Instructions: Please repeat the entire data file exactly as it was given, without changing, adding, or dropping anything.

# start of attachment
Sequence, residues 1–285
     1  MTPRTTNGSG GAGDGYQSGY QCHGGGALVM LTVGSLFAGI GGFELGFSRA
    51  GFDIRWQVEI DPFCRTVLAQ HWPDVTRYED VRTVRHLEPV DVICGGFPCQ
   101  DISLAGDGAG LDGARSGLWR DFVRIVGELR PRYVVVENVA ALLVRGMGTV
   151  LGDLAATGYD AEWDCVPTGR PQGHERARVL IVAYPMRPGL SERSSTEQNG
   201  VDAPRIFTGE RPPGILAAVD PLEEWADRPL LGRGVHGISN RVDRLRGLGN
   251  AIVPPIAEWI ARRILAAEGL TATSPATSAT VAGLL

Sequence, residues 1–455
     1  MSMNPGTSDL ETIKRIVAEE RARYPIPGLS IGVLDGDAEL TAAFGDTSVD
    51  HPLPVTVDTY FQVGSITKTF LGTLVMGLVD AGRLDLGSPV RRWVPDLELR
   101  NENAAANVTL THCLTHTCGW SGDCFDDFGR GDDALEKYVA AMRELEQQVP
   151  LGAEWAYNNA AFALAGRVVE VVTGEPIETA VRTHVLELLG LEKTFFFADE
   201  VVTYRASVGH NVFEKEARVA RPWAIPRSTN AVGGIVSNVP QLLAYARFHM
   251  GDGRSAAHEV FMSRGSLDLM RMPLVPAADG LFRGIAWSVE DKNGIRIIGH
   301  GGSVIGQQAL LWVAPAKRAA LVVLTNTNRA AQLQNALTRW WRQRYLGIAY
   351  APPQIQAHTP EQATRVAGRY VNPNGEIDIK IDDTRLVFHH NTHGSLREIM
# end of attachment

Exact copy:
Sequence, residues 1–285
     1  MTPRTTNGSG GAGDGYQSGY QCHGGGALVM LTVGSLFAGI GGFELGFSRA
    51  GFDIRWQVEI DPFCRTVLAQ HWPDVTRYED VRTVRHLEPV DVICGGFPCQ
   101  DISLAGDGAG LDGARSGLWR DFVRIVGELR PRYVVVENVA ALLVRGMGTV
   151  LGDLAATGYD AEWDCVPTGR PQGHERARVL IVAYPMRPGL SERSSTEQNG
   201  VDAPRIFTGE RPPGILAAVD PLEEWADRPL LGRGVHGISN RVDRLRGLGN
   251  AIVPPIAEWI ARRILAAEGL TATSPATSAT VAGLL

Sequence, residues 1–455
     1  MSMNPGTSDL ETIKRIVAEE RARYPIPGLS IGVLDGDAEL TAAFGDTSVD
    51  HPLPVTVDTY FQVGSITKTF LGTLVMGLVD AGRLDLGSPV RRWVPDLELR
   101  NENAAANVTL THCLTHTCGW SGDCFDDFGR GDDALEKYVA AMRELEQQVP
   151  LGAEWAYNNA AFALAGRVVE VVTGEPIETA VRTHVLELLG LEKTFFFADE
   201  VVTYRASVGH NVFEKEARVA RPWAIPRSTN AVGGIVSNVP QLLAYARFHM
   251  GDGRSAAHEV FMSRGSLDLM RMPLVPAADG LFRGIAWSVE DKNGIRIIGH
   301  GGSVIGQQAL LWVAPAKRAA LVVLTNTNRA AQLQNALTRW WRQRYLGIAY
   351  APPQIQAHTP EQATRVAGRY VNPNGEIDIK IDDTRLVFHH NTHGSLREIM